Some low-budget filmmakers ignore this problem by shooting "guerrilla style." They eschew insurance and permits, and shoot only a few actors, on city streets or in malls, with a handheld camera. They hope that their cast and crew resemble tourists with a camera, and they'll thus be ignored by police and security guards.
(Note: In the 1980s, New York City only required a shooting permit if a filmmaker's equipment touched the ground. Filmmakers who avoided tripods, shooting everything handheld, did not need permits. I don't know what the law is now in NYC, or in other jurisdictions.)
Okay, so if you only have a few actors, and shoot handheld, you can use city streets without a permit. You'll have people and cars in the background, unrelated to your film, but provided they are too small or blurry to be identifiable, you generally face no legal problems. (But consult a lawyer on this.)
Location problem solved?
But what if you're shooting a period piece? Your story is set in the late 1800s. Sure, the cars and people in the background aren't identifiable, but ... they're cars! And the people are wearing modern clothing!
The Big Studios will simply obtain (and pay for) a shooting permit, and the off-duty police (more money) will kindly block off all streets so they can shoot their period film.
But what if a low-budget filmmaker can't afford that? How then to shoot a period piece on modern city streets?
One solution is a judicious use of framing.
Demon is a low-budget horror film (written and directed by Mark Duffield) set in Victorian London. Fortunately, London is full of old buildings that were around in Victorian times. But it's also full of modern cars and people. How to shoot the architecture, and not the modern population, without closing off the streets?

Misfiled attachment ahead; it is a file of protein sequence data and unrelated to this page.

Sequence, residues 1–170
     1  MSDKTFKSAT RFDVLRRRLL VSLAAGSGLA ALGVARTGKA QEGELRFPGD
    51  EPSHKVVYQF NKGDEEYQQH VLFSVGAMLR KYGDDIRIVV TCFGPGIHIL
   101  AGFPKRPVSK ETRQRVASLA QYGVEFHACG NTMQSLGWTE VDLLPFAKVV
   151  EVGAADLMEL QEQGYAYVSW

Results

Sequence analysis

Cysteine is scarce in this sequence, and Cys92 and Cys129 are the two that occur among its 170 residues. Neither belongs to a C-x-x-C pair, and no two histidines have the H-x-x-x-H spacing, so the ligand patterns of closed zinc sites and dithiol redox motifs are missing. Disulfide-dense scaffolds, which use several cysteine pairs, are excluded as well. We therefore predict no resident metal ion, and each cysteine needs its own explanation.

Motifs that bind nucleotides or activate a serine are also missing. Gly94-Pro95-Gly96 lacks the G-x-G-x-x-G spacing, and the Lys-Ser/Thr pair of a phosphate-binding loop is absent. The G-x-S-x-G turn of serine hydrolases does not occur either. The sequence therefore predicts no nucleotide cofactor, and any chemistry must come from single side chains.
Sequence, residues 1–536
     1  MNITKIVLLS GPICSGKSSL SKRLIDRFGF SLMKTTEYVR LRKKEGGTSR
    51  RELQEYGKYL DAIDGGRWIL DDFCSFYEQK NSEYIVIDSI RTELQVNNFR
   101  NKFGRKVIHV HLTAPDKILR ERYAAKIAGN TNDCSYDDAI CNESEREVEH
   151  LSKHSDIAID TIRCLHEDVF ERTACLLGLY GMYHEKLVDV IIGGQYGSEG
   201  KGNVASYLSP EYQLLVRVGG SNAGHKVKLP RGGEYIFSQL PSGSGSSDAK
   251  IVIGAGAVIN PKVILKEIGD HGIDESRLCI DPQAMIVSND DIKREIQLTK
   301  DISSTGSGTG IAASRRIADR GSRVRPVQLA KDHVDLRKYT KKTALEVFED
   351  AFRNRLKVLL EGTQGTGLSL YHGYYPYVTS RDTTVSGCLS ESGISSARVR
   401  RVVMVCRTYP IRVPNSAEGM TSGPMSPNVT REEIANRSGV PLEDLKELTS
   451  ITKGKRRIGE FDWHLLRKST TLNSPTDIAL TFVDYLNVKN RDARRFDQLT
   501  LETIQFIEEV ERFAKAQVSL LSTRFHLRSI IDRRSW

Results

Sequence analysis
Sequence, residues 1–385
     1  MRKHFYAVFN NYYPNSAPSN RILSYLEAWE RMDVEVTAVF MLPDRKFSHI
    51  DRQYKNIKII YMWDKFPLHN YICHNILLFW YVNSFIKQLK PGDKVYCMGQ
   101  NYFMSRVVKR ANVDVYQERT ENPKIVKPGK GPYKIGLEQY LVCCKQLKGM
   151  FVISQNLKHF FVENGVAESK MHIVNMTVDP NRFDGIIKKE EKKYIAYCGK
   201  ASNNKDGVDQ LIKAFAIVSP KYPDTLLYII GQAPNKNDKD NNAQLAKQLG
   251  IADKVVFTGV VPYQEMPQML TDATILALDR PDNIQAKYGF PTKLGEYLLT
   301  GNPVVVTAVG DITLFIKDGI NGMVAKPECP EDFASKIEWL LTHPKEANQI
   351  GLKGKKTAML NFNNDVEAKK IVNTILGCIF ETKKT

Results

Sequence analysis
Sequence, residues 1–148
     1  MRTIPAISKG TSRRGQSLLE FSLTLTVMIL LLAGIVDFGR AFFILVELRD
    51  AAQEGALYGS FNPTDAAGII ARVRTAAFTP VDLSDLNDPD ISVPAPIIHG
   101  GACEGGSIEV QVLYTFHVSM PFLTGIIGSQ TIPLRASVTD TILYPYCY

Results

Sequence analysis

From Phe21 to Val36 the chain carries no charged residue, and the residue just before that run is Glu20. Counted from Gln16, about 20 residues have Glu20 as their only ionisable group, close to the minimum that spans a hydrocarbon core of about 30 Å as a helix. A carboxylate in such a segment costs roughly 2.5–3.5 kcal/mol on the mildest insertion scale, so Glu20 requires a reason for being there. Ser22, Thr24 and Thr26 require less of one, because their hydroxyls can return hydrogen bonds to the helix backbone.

Duffield solved the problem by framing many street scenes at low angles, so we only see the upper parts of buildings.
At one point, Amy (Clare Langford) takes newcomer Lorcan (Andrew Mullan) on a tour of London. She shows him London Bridge. Today's bridge is normally full of cars, but a low-budget filmmaker can't afford shut down a major bridge. Erasing the cars through CGI effects might be cheaper, but still costly. Duffield simply frames the cars out of view.
Here are a couple of other scenes of Amy showing Lorcan the sights of London. Again, the shots are in low angle. Perhaps to avoid showing modern tourists or cars parked on the streets?
But this framing is not only pragmatic, in that it hides modern life. Demon's framing also serves an aesthetic function. Amy is showing Lorcan (and us, the viewer) the splendor of Imperial Britain's capital city, and he is duly impressed. The low angles effectively convey their emotional awe at the city's sights.
I use the term pragmatic aesthetics to describe whenever a filmmaker applies budgetary and technical compromises to aesthetic effect. This applies to Duffield's framing. He couldn't afford to close off London's streets, nor delete its modern life with CGI, so he framed to hide modern life -- even as his framing simultaneously supports the story, characters, and theme.
But it's not just low angles. Here's a tight shot of Lorcan from a high angle. The tight shot hems him in, so we don't see much beyond him (including modern life). The high angle likewise hides what's beyond him. Were the camera raised, we'd see more of the street, and perhaps some cars.
Then there's the below tight, straight-on angle shot of Lorcan. Again, we see little beyond him.
The staging also serves Demon's low budget. In both of the above shots, Lorcan is static. People walk past him. Pragmatically, this creates the impression of a bustling London street, filled with people -- but on the cheap. Had Lorcan walked along the street, the camera would have followed him, and more of the street would need to have been closed for filming.
The above two frames and staging also serve an aesthetic purpose. Lorcan is paralyzed with fear over the notion that he might be a hideous monster. The above images are from his nightmare. His static staging supports his emotional paralysis. And the tight framing conveys his feeling of being trapped in a very bad situation.
For more about framing, staging, and pragmatic aesthetics in horror films, see Horror Film Aesthetics: Creating the Visual Language of Fear. This blog represents a continuing discussion of my views on horror, picking up from where the book left off.